Element #1: Falsehood

The three elements of defamation are falsehood, fault, and harm. Falsehood sounds simple: defamation involves a false statement. If what you said was true, it wasn’t defamatory.

If only it were that simple…

Only verifiable statements of fact can be false

A statement is only false if it makes a factual claim that can be objectively proven or disproven:

  • Morgan is 37 years old.
  • Morgan has seriously injured four students.

Statements that are not verifiable cannot be defamatory:

  • Morgan is a jerk.
  • Morgan’s classes aren’t interesting.

Substantial truth

A statement is not false if it is substantially true: minor factual errors are permissible so long as they don’t change the gist of the statement. This is highly subjective—here are some examples of statements that courts have found to be substantially true:

  • Saying someone had beaten his dogs with metal rods when in fact he had beaten them with wooden rods2.
  • Saying someone was sentenced to death for six murders when in fact he was sentenced to death for one murder3.

Hyperbole is not defamatory

Hyperbole is an extreme exaggeration that is understood to be rhetorical rather than a factual statement. Hyperbole is generally not defamatory:

  • Morgan can injure a student just by looking at them.
  • Morgan is the worst teacher in the entire world.

Even though hyperbole is technically not defamatory, we recommend avoiding it. Sticking to the facts is safer and more ethical.

People for Ethical Treatment of Animals v. Berosini, 895 P.2d 1269 (Nev. 1995)
Stevens v. Independent Newspapers, Inc., 15 Media L. Rep. 1097 (Del. Super. Ct. 1998)

Pure opinions are not defamatory

Opinions are not defamatory because they are not statements of fact. A pure opinion expresses your personal belief about a subjective matter:

  • Morgan seemed really careless to me.
  • I found Morgan’s class boring.

A statement that expresses a personal interpretation of true facts is very likely an opinion:

  • Because Morgan has injured three students, I think they’re unsafe.
  • Because Morgan isn’t a certified yoga instructor, I think they’re a bad teacher.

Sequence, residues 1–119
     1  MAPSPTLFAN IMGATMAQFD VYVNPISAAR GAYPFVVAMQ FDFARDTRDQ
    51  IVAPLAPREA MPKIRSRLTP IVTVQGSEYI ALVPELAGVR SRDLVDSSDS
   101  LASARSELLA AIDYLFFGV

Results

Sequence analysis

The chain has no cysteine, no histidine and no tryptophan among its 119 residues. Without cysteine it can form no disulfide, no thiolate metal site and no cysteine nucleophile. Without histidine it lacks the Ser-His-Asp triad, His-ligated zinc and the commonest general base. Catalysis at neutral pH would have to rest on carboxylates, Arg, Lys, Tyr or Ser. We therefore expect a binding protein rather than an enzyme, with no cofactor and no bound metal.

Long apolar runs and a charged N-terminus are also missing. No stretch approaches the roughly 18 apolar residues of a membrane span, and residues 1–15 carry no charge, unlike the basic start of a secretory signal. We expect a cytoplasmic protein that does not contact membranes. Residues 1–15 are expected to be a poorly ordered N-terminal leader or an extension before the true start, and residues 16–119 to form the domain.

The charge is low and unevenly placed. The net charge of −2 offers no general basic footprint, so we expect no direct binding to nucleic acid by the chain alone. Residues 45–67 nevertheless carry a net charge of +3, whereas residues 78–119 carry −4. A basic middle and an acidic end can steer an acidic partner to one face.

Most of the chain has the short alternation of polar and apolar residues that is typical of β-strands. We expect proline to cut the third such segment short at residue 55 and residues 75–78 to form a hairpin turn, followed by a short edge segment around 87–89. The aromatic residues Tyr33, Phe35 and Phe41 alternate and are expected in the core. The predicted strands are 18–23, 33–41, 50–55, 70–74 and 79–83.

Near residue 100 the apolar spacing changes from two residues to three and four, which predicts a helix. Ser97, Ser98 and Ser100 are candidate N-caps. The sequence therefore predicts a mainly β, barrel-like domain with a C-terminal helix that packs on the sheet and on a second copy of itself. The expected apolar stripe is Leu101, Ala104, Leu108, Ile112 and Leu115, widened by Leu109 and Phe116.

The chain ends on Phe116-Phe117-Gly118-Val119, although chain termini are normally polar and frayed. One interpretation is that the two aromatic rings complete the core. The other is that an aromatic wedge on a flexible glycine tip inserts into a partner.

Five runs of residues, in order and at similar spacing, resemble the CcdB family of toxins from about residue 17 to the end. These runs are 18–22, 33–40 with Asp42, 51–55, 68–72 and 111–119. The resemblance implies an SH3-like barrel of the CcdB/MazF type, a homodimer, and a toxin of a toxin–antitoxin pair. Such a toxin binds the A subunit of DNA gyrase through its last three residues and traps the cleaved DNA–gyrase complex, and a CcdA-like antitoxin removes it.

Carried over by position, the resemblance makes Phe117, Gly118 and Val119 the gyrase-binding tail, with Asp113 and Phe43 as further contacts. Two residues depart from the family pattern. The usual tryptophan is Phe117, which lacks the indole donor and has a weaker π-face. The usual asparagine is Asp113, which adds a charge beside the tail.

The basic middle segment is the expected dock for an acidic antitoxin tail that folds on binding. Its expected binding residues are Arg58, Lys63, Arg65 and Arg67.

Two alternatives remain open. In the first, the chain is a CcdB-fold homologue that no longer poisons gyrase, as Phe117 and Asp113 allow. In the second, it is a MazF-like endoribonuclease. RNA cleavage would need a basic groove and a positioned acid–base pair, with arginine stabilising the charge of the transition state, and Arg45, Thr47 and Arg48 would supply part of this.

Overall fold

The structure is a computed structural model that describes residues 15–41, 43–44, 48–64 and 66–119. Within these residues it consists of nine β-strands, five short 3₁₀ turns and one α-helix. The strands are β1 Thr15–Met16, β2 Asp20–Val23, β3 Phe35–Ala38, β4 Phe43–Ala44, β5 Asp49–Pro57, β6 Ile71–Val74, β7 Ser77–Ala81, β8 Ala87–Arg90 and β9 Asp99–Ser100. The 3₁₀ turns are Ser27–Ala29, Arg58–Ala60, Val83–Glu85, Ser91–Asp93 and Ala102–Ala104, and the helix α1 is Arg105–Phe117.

You cannot turn a factual statement into an opinion just by saying “It is my opinion that…”. These are statements of fact, not opinions:

  • I believe Morgan has injured three students.
  • It is my opinion that Morgan is not a certified yoga instructor.

An opinion must not imply untrue facts. Saying “it is my opinion Morgan has a bad safety record” implies you have heard compelling evidence to that effect. If that isn’t the case, the statement is likely defamatory.

See Use Pure Opinion for practical applications.

Quoting a defamatory statement

Pay attention! This is surprising to a lot of people and it’s easy to make a mistake here. Quoting a defamatory statement is usually defamatory, even if the quote is accurate:

  • Blair says Morgan has injured three students.

Even if Blair really said that, the statement would be defamatory if Morgan hadn‘t injured three students. However…

Neutral report privilege

Neutral report privilege allows the media to quote prominent sources when making an unbiased report about a public controversy, even if those sources are wrong. The law around neutral report privilege is complicated and not fully resolved: tread carefully here.

In the context of consent activism, it isn’t clear how the courts would define “media”, “prominent sources”, or “public controversy”.

Fair report privilege

Just to keep you on your toes, fair report privilege is completely different from neutral report privilege. It is a narrow but solidly established privilege that protects the media when they report on or republish official government statements or proceedings.

Fair report privilege may provide important protection for reporting someone’s criminal history, but is otherwise of limited relevance to consent activism. Fair report privilege is an absolute privilege in Washington.


This work is licensed under a Creative Commons Attribution-ShareAlike 4.0 International License.